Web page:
Sunday, December 15, 2013

Online Assignment 4-5_Ryan Wenberg

Ryan Wenberg
J201 Sec. 310           
Online Assignment 4-5

When beginning this assignment, I expected it to be like the VALS assessment of me where they got all of the key information wrong. I was honestly shocked to see how close they were to what I believe are my interests. I will say however that Google was much more exact. They had narrowed it down to twenty-eight slightly broad subjects that they gathered I was interested in based on my searches. Almost all of them I agreed with aside from a few subjects that were clearly more related to me having to Google how to fix my electronics. Facebook seemed to be all over the place with the things they kept track of in terms of my interest. They seemed to have a million different key words to use when assigning ads to my account; some of them were related to things I actually was interested, but the rest were just segments of things that could only be related to something as insignificant as a post that I liked once three years ago. The vast amount of information that these two companies have about me is sickening, yet not surprising. In the digital society, I spend most of my time between these two websites. Google is my go to when I need to know or find anything and everything and Facebook is where I interact with my friends and family. These two cites should have all this information on me simply because I spent years developing these portfolios myself. The problem I face with it is the fact that this information that is supposed to be private is shared with advertisers. I look at it as the same as a doctor selling your personal medical records with pharmaceutical companies so they can sell us medication. It’s morally wrong in my opinion because Google and Facebook have developed into such a private industry when you look at how they are used; yet none of the information is private anymore now that it is being sold to the highest bidder. This new information actually is making me think that I need to be more careful about what I put out into the World Wide Web. While I don’t believe I have ever been fooled into buying anything from one of these advertisements, an article from the New York Times that was one of required reading states that 97% of internet users interact with just one of these online ad companies in any given month (Singer, 2012). That astonishes me and makes me think that while I do not feel that I am giving out any information that could be dangerous in the wrong hands, I feel as if I should tone it down and play it safe after this exploration.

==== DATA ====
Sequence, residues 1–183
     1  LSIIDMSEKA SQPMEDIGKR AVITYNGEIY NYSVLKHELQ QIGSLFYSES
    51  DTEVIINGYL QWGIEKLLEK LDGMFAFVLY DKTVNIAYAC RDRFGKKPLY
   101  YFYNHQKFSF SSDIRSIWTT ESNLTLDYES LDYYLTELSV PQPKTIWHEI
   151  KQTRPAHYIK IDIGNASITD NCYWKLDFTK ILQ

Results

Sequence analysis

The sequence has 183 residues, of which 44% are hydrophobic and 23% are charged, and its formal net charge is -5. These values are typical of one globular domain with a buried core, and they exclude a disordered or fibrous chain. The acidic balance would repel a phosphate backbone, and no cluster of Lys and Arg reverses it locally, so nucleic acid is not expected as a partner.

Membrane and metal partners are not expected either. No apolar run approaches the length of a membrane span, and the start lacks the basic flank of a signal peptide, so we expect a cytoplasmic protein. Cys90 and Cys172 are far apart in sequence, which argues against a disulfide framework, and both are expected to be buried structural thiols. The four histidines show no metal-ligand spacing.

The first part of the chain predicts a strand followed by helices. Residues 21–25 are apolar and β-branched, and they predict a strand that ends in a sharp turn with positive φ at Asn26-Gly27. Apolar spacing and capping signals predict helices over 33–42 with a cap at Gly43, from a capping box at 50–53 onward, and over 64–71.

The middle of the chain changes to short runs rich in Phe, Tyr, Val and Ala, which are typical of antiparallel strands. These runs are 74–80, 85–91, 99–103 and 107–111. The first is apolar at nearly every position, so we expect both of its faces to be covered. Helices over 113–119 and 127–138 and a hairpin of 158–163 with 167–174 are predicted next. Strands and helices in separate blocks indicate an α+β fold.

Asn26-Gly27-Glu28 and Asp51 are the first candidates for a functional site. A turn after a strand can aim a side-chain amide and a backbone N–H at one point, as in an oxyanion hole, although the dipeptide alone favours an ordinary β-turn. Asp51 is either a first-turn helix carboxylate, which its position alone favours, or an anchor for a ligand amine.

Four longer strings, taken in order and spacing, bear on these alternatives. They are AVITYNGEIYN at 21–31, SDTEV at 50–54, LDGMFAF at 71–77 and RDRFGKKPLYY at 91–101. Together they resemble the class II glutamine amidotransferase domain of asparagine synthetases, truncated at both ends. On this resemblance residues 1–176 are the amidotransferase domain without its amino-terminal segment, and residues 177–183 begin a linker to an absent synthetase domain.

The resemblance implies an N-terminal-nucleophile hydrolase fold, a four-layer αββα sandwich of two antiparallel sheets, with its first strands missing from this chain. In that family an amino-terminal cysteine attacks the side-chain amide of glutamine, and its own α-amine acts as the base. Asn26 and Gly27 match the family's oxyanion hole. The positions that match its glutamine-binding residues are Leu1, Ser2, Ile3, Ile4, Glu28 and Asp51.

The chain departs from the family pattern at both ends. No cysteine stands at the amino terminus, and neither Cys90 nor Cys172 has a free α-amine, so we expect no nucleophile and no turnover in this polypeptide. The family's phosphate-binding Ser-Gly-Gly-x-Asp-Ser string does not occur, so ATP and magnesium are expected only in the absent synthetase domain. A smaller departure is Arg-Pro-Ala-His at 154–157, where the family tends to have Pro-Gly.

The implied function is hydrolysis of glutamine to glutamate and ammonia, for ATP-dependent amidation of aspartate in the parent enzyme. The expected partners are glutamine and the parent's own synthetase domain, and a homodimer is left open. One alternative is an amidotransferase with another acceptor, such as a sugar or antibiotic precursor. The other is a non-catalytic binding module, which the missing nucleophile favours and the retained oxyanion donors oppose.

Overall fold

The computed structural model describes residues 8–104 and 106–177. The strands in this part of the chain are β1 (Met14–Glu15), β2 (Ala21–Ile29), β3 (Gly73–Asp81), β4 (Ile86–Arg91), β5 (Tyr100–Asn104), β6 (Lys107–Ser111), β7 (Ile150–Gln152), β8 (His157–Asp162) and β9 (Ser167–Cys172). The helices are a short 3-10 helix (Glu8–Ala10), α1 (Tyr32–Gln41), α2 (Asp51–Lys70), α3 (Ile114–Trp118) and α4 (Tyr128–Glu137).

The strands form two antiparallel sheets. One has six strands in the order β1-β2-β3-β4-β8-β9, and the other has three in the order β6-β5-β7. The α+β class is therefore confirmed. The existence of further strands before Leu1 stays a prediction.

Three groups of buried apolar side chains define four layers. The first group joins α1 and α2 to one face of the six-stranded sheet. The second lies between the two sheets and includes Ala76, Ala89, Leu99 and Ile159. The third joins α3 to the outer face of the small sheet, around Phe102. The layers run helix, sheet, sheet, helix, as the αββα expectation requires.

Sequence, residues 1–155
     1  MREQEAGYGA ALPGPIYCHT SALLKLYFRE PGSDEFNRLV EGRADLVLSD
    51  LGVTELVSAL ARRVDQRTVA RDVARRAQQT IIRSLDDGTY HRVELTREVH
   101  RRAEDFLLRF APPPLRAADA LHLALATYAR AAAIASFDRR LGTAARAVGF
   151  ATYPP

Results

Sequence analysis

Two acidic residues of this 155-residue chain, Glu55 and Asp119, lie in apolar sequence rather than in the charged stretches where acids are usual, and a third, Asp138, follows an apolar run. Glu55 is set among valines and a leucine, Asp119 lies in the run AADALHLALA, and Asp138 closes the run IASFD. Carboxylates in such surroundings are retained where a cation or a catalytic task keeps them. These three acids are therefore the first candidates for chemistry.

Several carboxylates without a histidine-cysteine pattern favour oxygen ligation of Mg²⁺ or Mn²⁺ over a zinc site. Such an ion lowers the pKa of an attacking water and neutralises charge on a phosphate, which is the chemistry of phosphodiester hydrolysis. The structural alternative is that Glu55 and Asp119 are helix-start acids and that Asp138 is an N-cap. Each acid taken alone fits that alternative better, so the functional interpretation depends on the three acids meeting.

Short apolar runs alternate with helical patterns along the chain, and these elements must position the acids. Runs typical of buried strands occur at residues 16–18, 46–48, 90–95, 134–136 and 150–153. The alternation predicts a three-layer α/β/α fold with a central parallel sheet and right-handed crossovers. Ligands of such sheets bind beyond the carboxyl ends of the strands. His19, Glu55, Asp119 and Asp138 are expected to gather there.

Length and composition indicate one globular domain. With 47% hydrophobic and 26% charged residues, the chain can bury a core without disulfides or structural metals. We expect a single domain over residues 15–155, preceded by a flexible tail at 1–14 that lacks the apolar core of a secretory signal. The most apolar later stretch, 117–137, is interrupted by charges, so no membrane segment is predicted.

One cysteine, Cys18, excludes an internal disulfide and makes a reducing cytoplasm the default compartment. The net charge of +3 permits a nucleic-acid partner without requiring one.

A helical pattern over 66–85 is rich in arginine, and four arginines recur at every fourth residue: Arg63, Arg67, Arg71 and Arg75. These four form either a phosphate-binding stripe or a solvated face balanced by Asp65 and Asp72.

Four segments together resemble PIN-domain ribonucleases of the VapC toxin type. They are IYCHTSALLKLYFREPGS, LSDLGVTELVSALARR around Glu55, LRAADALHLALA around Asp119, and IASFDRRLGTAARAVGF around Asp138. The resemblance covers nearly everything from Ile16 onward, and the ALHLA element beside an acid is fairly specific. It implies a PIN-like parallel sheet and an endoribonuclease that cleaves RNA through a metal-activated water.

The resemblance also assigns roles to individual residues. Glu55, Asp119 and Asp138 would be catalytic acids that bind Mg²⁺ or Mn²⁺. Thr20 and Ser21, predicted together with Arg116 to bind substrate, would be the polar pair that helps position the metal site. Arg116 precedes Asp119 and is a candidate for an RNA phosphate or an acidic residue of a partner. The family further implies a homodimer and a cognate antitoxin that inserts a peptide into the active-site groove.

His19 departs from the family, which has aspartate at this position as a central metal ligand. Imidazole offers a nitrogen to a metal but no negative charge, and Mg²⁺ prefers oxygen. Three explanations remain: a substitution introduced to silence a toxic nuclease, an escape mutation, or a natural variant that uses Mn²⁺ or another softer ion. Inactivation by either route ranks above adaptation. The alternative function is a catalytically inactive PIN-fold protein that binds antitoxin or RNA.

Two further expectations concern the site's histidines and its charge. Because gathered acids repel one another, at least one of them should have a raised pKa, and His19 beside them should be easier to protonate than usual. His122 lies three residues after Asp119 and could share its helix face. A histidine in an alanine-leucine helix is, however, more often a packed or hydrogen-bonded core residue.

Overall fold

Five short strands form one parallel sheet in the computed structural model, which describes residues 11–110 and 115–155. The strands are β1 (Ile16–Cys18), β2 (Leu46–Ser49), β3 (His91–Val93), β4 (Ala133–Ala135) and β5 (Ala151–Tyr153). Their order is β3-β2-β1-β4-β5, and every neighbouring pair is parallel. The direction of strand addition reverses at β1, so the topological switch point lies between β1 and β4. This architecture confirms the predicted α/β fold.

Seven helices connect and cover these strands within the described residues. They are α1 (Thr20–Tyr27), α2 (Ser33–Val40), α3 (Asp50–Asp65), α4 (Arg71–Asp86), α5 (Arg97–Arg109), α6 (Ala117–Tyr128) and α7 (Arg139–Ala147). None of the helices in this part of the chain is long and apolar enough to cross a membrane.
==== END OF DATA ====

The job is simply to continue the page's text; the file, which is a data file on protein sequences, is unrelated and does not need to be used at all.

Singer, N. (2012, November 17). Your Online Attention, Bought in an Instant. Your Online Attention Bought in an Instant by Advertisers. Retrieved December 10, 2013, from

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